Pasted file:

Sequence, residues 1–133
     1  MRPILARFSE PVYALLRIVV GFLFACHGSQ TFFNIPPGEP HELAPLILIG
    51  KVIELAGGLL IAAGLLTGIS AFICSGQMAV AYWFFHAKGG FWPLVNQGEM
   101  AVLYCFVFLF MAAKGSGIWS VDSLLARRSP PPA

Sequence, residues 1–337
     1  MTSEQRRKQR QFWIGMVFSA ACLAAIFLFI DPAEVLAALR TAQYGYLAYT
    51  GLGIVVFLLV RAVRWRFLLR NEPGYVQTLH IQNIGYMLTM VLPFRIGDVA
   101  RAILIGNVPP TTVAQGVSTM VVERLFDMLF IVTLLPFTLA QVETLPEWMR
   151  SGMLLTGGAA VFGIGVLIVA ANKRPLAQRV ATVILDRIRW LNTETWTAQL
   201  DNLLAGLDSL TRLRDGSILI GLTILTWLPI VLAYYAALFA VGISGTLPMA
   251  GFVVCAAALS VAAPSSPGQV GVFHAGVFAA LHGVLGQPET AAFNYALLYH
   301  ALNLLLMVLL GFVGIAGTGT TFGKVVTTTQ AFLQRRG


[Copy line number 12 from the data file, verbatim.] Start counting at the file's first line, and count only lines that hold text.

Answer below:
   301  ALNLLLMVLL GFVGIAGTGT TFGKVVTTTQ AFLQRRG